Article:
And the unhappiest day of the year in 2014 was April 23. WTF? I could understand April 15. But what's the deal with the 23rd? Anybody got a theory? Am I missing something here?

The Problem With the Ferguson, Ray Rice, and UVA Rape Stories

| Wed Dec. 3, 2014 1:36 PM EST

What do these three recent stories have in common?

  • Ferguson
  • Ray Rice
  • The University of Virginia gang rape

One thing they have in common is that I've written little or nothing about them. But they share two other attributes as well. Here they are:

  1. All three have spotlighted problems that are critically important and absolutely deserving of broader attention. Ferguson is all about racial disparities, police killings of unarmed civilians, the militarization of law enforcement, and other equally deserving issues. Ray Rice was about the scourge of domestic violence and its tacit acceptance within the culture of professional sports. The UVA rape story was about sexual assault on university campuses, fueled by alcohol, fraternities, and official lack of concern.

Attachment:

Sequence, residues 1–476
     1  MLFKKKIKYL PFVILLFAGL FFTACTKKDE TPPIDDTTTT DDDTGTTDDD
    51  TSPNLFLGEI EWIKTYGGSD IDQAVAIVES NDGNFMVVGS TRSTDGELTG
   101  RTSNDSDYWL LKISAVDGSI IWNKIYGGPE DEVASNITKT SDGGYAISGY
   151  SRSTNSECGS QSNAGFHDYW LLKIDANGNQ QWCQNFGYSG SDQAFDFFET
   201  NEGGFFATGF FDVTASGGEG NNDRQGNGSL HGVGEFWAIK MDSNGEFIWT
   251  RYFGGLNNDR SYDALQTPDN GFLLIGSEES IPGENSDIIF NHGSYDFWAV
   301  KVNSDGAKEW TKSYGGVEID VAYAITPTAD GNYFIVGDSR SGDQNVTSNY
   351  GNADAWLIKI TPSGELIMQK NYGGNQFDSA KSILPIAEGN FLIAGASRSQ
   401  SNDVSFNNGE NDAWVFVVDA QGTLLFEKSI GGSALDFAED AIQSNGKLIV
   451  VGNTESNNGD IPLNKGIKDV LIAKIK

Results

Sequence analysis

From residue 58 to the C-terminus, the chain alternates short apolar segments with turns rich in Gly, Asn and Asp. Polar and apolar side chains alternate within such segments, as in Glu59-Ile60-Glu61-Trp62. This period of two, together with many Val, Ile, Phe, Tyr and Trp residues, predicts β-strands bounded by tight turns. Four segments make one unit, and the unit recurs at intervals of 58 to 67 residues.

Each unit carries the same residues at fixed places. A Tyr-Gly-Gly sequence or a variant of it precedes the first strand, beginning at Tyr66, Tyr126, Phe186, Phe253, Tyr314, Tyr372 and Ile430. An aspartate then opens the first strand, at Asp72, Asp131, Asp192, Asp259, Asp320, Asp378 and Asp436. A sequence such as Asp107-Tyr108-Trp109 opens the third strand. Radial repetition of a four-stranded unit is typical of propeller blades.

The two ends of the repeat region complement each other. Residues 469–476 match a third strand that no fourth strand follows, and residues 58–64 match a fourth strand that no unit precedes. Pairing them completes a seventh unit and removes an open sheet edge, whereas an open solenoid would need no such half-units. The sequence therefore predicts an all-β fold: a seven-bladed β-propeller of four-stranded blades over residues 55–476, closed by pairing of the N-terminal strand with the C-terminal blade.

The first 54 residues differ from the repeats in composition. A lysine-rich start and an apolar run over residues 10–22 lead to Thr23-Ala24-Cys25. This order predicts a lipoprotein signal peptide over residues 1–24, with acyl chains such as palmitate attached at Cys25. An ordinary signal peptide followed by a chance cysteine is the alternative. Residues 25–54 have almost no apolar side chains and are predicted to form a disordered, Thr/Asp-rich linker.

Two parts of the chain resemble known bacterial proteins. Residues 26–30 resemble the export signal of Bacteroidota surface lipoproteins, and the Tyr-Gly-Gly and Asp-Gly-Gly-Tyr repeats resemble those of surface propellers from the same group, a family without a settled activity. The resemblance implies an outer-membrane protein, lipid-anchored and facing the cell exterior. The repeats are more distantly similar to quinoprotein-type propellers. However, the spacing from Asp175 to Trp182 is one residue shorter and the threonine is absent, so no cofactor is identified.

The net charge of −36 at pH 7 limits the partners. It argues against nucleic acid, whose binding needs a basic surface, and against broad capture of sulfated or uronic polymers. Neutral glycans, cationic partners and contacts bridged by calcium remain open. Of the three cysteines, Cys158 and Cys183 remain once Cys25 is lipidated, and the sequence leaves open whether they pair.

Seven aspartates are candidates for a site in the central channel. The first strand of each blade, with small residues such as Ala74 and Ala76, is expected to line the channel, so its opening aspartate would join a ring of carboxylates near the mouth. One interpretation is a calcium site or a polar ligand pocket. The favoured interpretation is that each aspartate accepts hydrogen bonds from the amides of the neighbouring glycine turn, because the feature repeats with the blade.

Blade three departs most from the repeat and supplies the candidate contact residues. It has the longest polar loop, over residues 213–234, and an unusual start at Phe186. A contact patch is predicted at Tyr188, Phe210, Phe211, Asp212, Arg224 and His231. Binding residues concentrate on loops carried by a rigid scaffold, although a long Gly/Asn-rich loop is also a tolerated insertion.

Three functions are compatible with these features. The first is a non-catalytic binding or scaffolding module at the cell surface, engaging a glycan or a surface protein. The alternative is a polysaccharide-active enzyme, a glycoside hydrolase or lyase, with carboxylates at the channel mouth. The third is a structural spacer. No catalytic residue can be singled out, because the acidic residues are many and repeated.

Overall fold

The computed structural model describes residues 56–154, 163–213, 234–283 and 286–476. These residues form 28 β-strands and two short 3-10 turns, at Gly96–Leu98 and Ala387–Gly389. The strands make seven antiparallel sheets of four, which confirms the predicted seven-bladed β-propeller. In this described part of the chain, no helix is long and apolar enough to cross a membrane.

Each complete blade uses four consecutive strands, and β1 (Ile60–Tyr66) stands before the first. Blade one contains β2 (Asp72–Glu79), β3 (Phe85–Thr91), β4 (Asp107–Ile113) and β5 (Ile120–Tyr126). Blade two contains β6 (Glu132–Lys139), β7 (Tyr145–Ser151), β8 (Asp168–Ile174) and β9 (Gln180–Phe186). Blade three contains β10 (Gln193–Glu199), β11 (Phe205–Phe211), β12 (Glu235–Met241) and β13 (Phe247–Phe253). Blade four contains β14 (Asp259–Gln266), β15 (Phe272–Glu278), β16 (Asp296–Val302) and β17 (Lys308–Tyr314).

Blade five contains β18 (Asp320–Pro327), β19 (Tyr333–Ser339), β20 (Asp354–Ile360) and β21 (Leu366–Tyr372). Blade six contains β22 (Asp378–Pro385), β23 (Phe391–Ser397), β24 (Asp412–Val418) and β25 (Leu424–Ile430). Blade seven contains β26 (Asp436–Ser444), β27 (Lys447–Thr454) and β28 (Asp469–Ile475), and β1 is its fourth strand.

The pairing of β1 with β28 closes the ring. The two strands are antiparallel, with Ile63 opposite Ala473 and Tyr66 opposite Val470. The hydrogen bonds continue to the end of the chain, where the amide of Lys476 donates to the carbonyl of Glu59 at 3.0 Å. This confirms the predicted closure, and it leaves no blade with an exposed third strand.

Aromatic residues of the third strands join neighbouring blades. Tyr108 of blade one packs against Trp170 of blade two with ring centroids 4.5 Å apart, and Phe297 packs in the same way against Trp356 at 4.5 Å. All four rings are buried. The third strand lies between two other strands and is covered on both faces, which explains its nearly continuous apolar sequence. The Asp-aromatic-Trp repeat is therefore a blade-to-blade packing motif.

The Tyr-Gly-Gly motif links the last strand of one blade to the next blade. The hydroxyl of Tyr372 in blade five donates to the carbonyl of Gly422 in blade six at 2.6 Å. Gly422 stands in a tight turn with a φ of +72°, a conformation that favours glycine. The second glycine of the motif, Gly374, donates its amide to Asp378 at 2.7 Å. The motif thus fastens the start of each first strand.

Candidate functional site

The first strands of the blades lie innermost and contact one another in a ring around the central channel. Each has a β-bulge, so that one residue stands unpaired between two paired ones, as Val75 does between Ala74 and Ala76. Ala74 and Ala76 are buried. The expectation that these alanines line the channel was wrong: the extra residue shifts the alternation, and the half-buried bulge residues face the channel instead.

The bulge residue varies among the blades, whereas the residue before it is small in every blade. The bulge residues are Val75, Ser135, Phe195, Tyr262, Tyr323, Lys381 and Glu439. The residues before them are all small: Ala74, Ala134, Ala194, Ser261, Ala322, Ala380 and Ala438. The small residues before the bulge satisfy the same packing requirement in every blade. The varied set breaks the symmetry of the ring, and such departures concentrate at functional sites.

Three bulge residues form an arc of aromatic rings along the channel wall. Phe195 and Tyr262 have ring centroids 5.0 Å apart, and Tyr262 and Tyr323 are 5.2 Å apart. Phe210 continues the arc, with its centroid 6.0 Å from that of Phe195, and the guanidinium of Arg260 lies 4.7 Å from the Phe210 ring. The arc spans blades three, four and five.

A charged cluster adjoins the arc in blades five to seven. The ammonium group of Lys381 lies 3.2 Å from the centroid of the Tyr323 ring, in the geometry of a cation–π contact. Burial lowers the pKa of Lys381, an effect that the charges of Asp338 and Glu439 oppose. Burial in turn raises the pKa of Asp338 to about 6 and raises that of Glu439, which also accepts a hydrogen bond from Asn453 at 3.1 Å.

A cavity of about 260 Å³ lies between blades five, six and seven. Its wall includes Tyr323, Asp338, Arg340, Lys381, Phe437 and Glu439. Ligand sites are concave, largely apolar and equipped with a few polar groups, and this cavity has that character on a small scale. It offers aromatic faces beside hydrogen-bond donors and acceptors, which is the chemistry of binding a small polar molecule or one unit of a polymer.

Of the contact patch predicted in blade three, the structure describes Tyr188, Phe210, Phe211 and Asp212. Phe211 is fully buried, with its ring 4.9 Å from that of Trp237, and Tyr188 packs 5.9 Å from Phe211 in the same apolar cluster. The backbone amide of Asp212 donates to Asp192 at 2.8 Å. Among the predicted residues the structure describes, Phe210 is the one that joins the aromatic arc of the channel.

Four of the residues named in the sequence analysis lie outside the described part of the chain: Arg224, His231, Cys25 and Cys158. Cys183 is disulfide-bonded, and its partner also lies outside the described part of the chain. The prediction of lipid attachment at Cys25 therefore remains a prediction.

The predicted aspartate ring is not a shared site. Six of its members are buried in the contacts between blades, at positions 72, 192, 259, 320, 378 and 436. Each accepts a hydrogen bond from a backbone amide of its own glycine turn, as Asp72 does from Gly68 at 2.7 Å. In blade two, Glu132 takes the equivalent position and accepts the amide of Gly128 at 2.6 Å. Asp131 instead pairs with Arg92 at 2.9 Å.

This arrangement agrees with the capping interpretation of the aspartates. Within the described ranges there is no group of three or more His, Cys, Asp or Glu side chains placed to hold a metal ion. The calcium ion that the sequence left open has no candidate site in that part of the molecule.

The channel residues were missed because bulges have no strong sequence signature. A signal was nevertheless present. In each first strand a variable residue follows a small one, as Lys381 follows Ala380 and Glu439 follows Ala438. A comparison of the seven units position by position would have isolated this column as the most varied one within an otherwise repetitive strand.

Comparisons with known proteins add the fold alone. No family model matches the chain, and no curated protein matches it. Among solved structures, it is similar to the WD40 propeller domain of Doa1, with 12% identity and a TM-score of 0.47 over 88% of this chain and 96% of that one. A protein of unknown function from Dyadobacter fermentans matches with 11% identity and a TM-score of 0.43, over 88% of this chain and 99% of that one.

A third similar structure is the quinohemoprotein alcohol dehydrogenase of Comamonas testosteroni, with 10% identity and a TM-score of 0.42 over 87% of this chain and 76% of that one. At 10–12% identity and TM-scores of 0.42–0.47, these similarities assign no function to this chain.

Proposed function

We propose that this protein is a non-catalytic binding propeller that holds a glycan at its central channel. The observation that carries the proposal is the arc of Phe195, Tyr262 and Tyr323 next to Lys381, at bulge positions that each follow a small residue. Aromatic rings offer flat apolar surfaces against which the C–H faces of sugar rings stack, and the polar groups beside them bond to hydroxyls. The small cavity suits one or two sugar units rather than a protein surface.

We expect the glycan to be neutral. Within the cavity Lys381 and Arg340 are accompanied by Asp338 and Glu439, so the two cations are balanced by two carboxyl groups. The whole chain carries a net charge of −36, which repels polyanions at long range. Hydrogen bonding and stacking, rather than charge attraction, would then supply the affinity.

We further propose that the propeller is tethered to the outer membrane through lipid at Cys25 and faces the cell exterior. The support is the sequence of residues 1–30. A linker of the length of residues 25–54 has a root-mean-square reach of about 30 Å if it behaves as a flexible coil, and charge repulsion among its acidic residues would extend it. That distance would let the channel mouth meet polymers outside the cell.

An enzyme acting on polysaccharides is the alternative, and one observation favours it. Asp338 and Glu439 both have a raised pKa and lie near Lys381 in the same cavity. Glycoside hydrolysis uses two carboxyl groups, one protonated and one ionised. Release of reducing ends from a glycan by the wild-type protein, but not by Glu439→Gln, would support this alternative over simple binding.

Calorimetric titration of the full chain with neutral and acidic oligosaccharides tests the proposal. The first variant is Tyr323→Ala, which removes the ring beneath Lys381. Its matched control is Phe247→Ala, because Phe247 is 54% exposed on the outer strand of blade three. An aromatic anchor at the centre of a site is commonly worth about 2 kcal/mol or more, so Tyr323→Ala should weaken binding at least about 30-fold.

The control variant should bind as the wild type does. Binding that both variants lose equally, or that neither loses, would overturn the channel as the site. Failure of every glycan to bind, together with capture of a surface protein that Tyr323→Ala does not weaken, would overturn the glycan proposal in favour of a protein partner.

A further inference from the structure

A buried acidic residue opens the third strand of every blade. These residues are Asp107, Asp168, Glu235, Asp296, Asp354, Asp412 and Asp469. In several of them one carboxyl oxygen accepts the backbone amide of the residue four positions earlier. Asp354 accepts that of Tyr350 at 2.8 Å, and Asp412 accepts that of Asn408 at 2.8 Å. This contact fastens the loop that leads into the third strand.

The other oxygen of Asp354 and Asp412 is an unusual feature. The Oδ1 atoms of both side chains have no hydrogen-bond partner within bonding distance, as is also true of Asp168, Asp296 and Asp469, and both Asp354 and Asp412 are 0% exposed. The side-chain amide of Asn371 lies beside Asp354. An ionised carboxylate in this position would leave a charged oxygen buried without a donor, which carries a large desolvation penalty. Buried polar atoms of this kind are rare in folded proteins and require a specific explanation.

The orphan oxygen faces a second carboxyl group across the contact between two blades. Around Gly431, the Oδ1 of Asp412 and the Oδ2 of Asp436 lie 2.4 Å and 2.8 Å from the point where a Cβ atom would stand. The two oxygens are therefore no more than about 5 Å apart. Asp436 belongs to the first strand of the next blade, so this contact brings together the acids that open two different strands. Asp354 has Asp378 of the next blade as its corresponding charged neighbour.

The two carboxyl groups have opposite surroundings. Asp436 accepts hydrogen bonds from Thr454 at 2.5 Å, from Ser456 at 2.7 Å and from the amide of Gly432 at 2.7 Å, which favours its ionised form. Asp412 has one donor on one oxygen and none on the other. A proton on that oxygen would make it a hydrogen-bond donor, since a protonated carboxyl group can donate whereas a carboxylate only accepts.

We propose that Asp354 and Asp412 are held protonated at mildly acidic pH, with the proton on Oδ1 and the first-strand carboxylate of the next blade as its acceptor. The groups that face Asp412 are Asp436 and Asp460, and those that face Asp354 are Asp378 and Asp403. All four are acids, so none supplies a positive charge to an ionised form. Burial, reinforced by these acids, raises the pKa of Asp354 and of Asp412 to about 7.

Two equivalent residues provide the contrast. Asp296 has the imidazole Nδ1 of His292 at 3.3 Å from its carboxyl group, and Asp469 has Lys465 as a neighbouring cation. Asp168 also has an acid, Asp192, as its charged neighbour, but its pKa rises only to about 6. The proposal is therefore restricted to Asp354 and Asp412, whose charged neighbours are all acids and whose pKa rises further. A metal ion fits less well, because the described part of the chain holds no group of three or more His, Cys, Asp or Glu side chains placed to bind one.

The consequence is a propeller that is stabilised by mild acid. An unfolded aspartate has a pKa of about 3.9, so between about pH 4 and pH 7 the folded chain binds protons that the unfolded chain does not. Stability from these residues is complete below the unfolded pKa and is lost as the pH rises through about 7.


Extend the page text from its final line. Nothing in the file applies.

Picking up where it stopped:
2. However, the specific incidents in all three cases are, to say the least, less than ideal as poster children for these issues. We will never know for sure what happened to Michael Brown, but as evidence has dribbled out, the simple liberal narrative of a gentle teenager being gunned down while trying to surrender has seemed less and less credible. In the Ray Rice case, it's clear that Rice did something terrible—but as it turns out, the evidence suggests that the criminal justice system treated him fairly reasonably and that the NFL's actions were mostly a craven reaction to public opinion. Finally, in the UVA rape scandal, a number of credible questions have been raised about whether Rolling Stone's account of what happened was fair—or, in the worst case, even true.